It is said that the Ministry of Culture is considering the possibility of transferring Kyiv’s historic church of the Saviour at Berestove to Metropolitan Macarius to replace the cathedral he was deprived of, but this has not been decided. This could prove problematic because the temple belongs to the complex of Kiev-Pechersk Lavra buildings which are used by the UOC-MP. Moreover, the church of the Saviour at Berestove is featured in the list of buildings promised by Poroshenko to the Exarchate of the Ecumenical Patriarchate in Kyiv. If Metropolitan Epiphanius does not help the former Primate of the UAOC to resolve this situation, Metropolitan Macarius, could use his supporters, influence, and the UAOC’s resources take his place as head of the OCU or replace him. Metropolitan Epiphanius is hog-tied to agreements with Ukrainian politicians and has not earned credibility after his departure from Filaret’s “nest.” Until October of 2018, hardly anyone noticed him in the shadow of Filaret except his clergy and believers of the UOC-KP in the diaspora who considered it appropriate to cooperate with “schismatics” before their recognition by Constantinople. The young primate speaks well and says refined phrases in the spirit of openness, patriotism and optimism. But is he able to bring reality in line with his assurances? To embody them in the life of the church? Or, at least to make his followers believe that the Orthodox Church of Ukraine is developing as it should? Metropolitan Macarius is inferior to his primate in educational background. But he compensates for this with his life and church experience, closeness to the faithful and status as the former First Hierarch of the UAOC (the formal ancestor of the UOC-KP). Metropolitan Epiphanius must be well aware of Macarius’ ambitions. Perhaps that is why the 30th anniversary of the revival of the UAOC was celebrated in Lviv, which has recently become the most beloved city of his Beatitude.

As in the cases of Epiphanius and Filaret, Metropolitan Macarius also has his own vision of the OCU development. He advocates for a more active and open dialogue with the clergy of the UOC-MP. “The OCU should not lure (UOC-MP faithful), but should work, meet with the clergy, and everything will be fine.” In order to achieve this, he says, pride should be abandoned. At the same time, in his opinion, many bishops and clergymen of the UOC-MP are confused by Filaret Denisenko’s legal possibility to retake control over the Orthodox Church of Ukraine since he remains an honorary patriarch and a permanent member of its Synod.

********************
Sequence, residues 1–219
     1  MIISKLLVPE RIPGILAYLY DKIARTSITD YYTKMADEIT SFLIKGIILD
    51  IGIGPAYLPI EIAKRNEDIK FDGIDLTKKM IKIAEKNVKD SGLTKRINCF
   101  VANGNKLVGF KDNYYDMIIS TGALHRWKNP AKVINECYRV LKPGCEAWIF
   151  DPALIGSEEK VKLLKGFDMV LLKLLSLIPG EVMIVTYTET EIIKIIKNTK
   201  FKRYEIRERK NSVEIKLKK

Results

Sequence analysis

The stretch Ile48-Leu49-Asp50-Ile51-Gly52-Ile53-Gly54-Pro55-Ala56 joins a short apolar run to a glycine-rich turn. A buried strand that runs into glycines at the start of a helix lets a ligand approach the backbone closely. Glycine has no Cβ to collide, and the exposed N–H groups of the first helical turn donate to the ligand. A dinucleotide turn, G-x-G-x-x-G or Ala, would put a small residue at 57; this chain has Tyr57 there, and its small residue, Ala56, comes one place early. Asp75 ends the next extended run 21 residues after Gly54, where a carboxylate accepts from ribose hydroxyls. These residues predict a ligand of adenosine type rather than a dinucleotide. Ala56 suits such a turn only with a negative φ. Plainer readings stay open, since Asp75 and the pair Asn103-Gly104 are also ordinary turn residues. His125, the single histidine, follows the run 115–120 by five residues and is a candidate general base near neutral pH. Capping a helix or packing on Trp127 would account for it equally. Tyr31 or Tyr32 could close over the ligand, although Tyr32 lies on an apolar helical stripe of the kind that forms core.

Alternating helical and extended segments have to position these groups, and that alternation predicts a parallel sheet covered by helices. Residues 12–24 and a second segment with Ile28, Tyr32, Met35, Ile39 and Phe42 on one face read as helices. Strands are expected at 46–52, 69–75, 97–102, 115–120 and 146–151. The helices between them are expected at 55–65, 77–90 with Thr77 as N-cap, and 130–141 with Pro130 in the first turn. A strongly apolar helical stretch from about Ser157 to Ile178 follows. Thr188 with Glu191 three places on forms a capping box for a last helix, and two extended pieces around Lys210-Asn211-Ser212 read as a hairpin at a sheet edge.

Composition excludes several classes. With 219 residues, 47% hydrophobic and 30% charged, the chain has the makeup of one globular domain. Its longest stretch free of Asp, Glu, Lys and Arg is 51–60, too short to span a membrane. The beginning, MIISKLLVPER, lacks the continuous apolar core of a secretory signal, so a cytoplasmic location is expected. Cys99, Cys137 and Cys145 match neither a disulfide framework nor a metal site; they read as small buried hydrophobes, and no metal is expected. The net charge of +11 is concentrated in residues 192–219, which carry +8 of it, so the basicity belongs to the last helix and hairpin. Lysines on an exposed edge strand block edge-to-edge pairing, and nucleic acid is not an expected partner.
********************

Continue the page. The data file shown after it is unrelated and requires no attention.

Indeed, only two UOC-MP bishops took part in the attempt to unite the Ukrainian Orthodoxy – Metropolitan Simeon Shostatsky of Vinnytsia and Bar and Metropolitan Olexander Drabynko of Pereyaslav-Khmelnitsky and Vyshneve. It would seem that as former members of the UOC-MP, they could be the best negotiators and describe what attracts them to the OCU. However, Metropolitan Simeon faces legal issues with real estate and property, which are disputed by his former community of the UOC-MP, and Metropolitan Olexander is a discredited figure in the Orthodox world because of his alcoholism, homosexuality and scandalous criminal proceedings. This depreciates the possibility of their participation in the negotiation process with the local Orthodox churches. For example, on January 19 2019, Metropolitan Olexander was planned to be included in Petro Poroshenko’s delegation to Patriarch Theophilos III of Jerusalem with their concelebration arranged, but the Patriarchate of Jerusalem opposed it because of the above-mentioned issues.

The Ecumenical Patriarchate is well aware that the Orthodox Church of Ukraine must undergo serious changes to survive. But, will Constantinople intervene? If so, how? Or would the Phanar prefer to leave the internal issues, with all their complex church politics, to Metropolitan Epiphanius while making an “upholder” of Athos monasteries and concelebration with the OCU clergy? So far, the second option seems to be the most likely, but no one knows what is going to happen next.

Svitlana Goyko is a freelance journalist and blogger from Kharkiv, Ukraine. She has worked for a Ukrainian bank as a chief officer of the customer service department. She used to belong to the Ukrainian Orthodox Church – Kyivan Patriarchate and joined the Orthodox Church of Ukraine in January 2019.